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Next in our #WomenVetsTaskForce series celebrating Latina and Hispanic American women veterans during #HispanicHeritageMonth, we recognize Tech4 Carmen Contreras-Bozak, a veteran of World War II and the first Hispanic American woman to serve overseas.


Six months after the attack on Pearl Harbor, Contreras-Bozak joined the Women’s Army Auxiliary Corps (WAAC). The unit was later named the Women's Army Corps (WAC).


At that time, the Army was in need of bilingual women to work in cryptology, communications, and interpretation. Because of her ability to speak five languages (Spanish, English Portuguese, Italian, and French), she was appointed to the 149th Company and served as an interpreter.


She was assigned to the Army Signal Corps, where she oversaw the sending and receiving of coded messages between General Dwight Eisenhower in Algiers and the battlefield in Tunisia. Contreras-Bozak proudly served our country for four years, including 18 months overseas.


Following her military service, Contreras-Bozak was an active advocate for our nation’s #womenvets. In 1989, she established the Fort Lauderdale Chapter of WAC Vets and served as the organization’s first president. She also founded a chapter of the Society of Military Widows.


Next in our #WomenVetsTaskForce series celebrating Latina and Hispanic American women veterans during #HispanicHeritageMonth, we are highlighting the significant contributions of Captain Linda Garcia Cubero.


Influenced by her father’s notable service in the United States Air Force, Captain Cubero attended the United States Air Force Academy in 1976. She was among the charter class of 157 women that entered the Air Force Academy that year.


In 1980, Cubero made history when she became the first Hispanic woman to graduate from any service academy. She earned her degree in Political Science and her free-fall parachute wings.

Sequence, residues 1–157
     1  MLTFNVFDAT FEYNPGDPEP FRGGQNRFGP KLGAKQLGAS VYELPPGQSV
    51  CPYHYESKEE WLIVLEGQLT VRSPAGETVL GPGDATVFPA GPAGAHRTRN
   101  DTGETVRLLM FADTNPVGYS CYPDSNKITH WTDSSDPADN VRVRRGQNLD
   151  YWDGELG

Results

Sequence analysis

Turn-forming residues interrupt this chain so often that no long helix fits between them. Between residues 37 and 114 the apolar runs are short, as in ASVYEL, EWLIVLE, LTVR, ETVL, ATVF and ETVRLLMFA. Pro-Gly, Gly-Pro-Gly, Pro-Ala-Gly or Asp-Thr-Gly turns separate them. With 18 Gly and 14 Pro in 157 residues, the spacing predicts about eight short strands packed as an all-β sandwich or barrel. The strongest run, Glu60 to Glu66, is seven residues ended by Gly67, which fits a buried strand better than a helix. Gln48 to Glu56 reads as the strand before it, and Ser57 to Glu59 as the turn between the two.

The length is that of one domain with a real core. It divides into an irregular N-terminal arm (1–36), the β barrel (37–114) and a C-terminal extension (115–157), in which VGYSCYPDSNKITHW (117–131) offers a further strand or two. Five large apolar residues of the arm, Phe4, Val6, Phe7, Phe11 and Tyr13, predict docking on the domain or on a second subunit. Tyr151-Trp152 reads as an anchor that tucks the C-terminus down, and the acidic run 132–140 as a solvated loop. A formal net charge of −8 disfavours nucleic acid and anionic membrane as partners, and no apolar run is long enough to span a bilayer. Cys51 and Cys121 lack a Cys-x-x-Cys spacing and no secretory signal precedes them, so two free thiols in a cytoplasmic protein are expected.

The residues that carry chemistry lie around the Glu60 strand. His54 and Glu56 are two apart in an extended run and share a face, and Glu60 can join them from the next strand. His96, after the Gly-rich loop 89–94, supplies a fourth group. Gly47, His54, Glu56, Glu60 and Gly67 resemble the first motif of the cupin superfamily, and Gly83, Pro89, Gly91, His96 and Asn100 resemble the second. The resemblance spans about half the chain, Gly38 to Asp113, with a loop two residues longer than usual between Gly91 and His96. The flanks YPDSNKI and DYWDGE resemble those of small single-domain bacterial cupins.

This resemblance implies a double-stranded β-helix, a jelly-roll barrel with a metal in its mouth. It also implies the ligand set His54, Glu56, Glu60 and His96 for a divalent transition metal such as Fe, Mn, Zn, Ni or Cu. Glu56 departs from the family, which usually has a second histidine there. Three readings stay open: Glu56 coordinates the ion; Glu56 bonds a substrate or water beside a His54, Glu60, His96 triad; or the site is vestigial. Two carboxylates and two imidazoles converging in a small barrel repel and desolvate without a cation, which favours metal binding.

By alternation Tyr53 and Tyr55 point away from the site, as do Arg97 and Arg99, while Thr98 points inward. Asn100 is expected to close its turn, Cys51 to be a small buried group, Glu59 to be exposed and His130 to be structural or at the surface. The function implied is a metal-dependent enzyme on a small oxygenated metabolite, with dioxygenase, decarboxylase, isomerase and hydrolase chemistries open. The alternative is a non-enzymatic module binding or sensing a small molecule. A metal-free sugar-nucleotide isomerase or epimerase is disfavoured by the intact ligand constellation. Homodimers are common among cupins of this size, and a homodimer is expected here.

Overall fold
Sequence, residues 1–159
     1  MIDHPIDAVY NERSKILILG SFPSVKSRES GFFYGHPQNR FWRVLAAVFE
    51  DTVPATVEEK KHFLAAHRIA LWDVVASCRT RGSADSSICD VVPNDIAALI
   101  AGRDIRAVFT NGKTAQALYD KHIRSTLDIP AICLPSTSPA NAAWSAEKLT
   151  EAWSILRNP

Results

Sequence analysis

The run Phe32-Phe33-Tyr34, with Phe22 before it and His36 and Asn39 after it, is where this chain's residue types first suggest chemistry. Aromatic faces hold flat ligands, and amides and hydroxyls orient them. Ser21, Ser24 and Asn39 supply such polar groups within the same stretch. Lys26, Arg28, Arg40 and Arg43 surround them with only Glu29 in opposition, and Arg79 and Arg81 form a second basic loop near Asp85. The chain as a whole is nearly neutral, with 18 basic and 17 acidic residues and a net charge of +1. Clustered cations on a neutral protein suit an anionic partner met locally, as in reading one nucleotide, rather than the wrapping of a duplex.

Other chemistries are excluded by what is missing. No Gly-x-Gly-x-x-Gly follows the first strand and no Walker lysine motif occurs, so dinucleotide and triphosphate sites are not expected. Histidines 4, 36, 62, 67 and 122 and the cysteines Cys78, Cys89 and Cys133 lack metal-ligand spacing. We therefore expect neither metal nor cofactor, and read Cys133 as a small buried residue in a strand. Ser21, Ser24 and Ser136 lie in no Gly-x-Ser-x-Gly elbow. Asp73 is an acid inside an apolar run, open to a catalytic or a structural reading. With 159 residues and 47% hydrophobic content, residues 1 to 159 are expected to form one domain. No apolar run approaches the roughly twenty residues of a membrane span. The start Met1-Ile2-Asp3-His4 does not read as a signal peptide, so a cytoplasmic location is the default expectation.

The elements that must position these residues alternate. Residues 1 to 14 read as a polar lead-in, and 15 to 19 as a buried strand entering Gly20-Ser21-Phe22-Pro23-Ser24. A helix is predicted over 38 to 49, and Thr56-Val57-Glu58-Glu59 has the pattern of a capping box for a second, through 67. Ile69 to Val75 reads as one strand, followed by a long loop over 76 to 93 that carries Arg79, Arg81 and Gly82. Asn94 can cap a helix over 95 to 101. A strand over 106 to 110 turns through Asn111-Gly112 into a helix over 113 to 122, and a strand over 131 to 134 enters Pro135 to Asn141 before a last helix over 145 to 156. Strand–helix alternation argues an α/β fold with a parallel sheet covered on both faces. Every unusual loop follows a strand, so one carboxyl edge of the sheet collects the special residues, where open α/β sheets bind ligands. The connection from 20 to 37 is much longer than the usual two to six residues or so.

After graduating, Captain Cubero served for seven years in @usairforce as a command briefer and worked on national-level task forces at the Pentagon. For her work with the intelligence task force on the Falkland Islands conflict, she earned the Joint Service Commendation Medal.


Captain Cubero continues to mentor Hispanic and Latino American Air Force cadets. She also remains steadfast in her commitment to community service. For her outstanding contributions to her community, she was awarded the 1991 Hispanic Engineer National Achievement Pioneer Award.


We salute and honor Captain Linda Garcia Cubero for her remarkable service and leadership! #HispanicHeritageMonth


During #HispanicHeritageMonth, the #WomenVetsTaskForce is celebrating the historic contributions of Latina and Hispanic American #womenvets.


This week, we are highlighting Captain Graciela Tiscareño-Sato, one of the first women to fly combat missions for the @usairforce and the first Latina recipient of the Air Medal.


During her career, Captain Tiscareño-Sato flew for thousands of hours and taught as an instructor. She spent almost 10 years in active duty, where she was a navigator and instructor. During her service, Captain Tiscareño-Sato also earned her Master’s in International Management.

My time on the Hill has come to a close (for now). I am profoundly grateful I had this opportunity to serve the American people, particularly our nation’s 2 million #womenveterans. I had amazing bosses in Rep. Mark Takano (D-CA-41) and Rep. Julia Brownley (D-CA-26) on @VetAffairsDems & #WomenVetsTaskForce.


A big thank you to Andrea for her tireless advocacy and work on the #WomenVetsTaskForce. Her work on the Deborah Sampson Act helped us deliver the most comprehensive bill for women veterans in over a decade! We'll miss her and can't wait to see what she'll accomplish next.


This #Pride Month, the #WomenVetsTaskForce is highlighting the achievements of groundbreaking LGBTQ #womenvets. This week we recognize Seaman Sazha Ramos, a queer Filipino American woman veteran who helps others in their journey to recovery from substance use disorders.